Income Tax (Charge)

At Prime Minister’s questions, I called on the Prime Minister to deliver investment for skills and infrastructure in the west midlands. The Chancellor certainly delivered. There is investment in transport, with hundreds of millions of pounds for better bus and train services in the west midlands and £54 million to fix potholes. That investment will support our excellent Conservative Mayor Andy Street’s transport plan to transform local public transport into a comprehensive system serving the whole west midlands county. There is investment in housing, with the new £400 million brownfield housing fund, to build the houses we need without threatening our precious green spaces, and £9.5 billion for the affordable homes programme to help to prevent homelessness. There is also investment in skills, through the £3 billion skills fund, to help to gain the skills they need for highly paid jobs and to ensure our firms can have the workforce they need to compete.

Coronavirus poses an immediate economic challenge. I welcome the impressive package the Chancellor announced, as well as making sure that the NHS has all the resources it needs to deal with the consequences. The 12-month business rate holiday for firms in the retail, hospitality and leisure sectors with a rateable value of under £51,000 will for many make the difference between getting through this outbreak or going under. It will save jobs in the constituencies of every Member of this House. Larger businesses in those sectors also face massive challenges: sharp falls in business linked to the outbreak come on top of higher costs from spiralling business rates and pose an existential threat.

In the medium term, perhaps the most significant part of yesterday’s Budget is the fundamental review of business rates at a time when so many town centres are being squeezed. It makes little sense to base local business taxation on notional land values that assume high streets carry a premium. A system of taxation created in the 1960s and based on property taxes introduced by the first Queen Elizabeth is not fit for the needs and characteristics of the 21st century. In the meantime, I hope Treasury Ministers will consider extending support to larger operators in the hospitality sector, who, because they employ large numbers of people in a labour-intensive industry and by their nature need large properties to accommodate guests, fall outside most of the support measures announced yesterday. They will, however, be hit harder than anybody by any lockdown or other restrictions on tourism.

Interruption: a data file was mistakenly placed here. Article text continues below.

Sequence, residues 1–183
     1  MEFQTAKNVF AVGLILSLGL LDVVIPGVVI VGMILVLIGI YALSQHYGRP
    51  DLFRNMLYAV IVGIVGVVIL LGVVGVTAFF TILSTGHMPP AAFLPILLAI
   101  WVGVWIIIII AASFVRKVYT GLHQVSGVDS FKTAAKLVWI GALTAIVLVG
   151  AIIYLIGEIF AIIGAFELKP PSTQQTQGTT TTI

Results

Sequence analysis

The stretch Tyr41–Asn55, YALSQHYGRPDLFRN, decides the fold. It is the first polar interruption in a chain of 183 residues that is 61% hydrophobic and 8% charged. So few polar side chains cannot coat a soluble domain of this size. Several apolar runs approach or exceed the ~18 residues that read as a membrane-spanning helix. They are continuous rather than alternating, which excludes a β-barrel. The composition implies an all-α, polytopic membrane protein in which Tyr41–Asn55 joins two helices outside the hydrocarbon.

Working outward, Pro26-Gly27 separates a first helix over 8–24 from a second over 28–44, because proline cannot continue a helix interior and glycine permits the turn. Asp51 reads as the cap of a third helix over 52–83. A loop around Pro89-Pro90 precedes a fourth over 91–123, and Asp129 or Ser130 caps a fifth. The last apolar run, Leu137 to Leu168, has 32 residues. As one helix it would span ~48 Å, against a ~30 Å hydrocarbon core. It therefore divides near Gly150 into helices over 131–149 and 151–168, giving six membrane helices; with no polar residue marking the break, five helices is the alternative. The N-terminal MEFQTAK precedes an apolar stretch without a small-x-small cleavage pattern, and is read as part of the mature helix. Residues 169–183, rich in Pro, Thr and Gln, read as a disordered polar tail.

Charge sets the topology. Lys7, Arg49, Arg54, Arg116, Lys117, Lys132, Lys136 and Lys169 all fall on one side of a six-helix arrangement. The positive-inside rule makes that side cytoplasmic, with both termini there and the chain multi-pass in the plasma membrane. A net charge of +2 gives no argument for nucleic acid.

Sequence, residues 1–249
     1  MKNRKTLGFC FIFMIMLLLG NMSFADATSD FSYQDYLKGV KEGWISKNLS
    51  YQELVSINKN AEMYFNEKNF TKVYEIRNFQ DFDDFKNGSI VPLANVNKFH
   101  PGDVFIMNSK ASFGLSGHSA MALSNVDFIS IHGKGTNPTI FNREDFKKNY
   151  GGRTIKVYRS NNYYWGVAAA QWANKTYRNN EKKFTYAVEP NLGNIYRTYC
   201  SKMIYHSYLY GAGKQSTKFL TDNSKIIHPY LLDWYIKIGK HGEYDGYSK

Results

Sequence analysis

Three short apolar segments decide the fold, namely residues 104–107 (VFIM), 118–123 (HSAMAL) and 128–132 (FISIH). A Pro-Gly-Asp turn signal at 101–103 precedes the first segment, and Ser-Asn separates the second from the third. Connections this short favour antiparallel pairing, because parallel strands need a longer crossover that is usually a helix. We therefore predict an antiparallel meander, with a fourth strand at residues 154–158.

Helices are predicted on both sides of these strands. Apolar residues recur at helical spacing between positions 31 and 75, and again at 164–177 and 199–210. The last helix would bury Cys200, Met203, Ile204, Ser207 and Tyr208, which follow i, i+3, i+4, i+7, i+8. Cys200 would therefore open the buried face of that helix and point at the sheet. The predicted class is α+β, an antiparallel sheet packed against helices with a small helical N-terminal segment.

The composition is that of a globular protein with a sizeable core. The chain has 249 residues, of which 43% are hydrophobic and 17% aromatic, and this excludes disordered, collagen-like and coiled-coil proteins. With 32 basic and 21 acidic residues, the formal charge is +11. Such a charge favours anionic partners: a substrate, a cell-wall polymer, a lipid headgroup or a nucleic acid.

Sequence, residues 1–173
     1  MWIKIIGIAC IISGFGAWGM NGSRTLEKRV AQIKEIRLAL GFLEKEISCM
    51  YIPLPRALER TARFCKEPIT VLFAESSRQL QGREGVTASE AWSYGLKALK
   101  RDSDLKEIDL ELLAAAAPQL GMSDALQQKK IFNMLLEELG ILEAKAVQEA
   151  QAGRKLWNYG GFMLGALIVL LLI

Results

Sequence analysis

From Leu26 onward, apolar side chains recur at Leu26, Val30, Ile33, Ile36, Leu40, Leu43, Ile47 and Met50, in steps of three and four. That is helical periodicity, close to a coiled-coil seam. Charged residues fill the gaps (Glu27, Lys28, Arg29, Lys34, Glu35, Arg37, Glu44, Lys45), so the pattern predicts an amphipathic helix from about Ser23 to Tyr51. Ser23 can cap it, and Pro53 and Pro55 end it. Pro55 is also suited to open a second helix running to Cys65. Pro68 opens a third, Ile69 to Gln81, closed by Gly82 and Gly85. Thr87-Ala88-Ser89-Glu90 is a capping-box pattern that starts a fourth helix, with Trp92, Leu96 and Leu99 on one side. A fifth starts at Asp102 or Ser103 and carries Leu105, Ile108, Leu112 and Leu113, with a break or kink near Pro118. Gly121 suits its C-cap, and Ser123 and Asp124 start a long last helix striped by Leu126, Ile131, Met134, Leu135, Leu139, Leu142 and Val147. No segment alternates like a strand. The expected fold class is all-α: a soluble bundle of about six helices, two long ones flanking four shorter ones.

An important part of our local economies are our local pubs. I have spoken many times about the economic, social and cultural contributions of community pubs and British brewing. Ministers have heard that many more times than most, so I will not repeat all that now, but I thank the Chancellor for his generous mention yesterday and even more for the generous support he announced. Increasing the business rate discount for pubs with a rateable value of under £100,000 by 400% to £5,000 is great news. Cancelling the inflationary rise that was due on beer duty, the third freeze in a row, means that beer will be 11 pence per pint less expensive than it would have been had those three rises gone ahead.

The Chancellor also announced a review of the duty system, which is only possible now because we have got Brexit done and will be taking back control at the end of this year. I hope the Treasury will consider how a post-Brexit duty system could better support our community pubs, rather than those who pile the beer high to sell it cheap in our supermarkets or off-licences. Perhaps we could have a system like the one in Australia, where beer sold in large containers such as casks or kegs pay about a third less duty than beer sold in bottles and cans, which are more typically bought from supermarkets. Such a move would help to protect our remaining pubs, secure the jobs that they sustain and encourage people to drink sociably in well regulated, licensed premises rather than drinking alone at home, or elsewhere, where fewer safeguards exist.

Yesterday’s Budget addressed both the immediate challenges of a health crisis, with the coronavirus outbreak, and the longer-term needs of building a framework that will encourage growth and build prosperity in all our communities. That is certainly something to which we should all be able to raise a glass.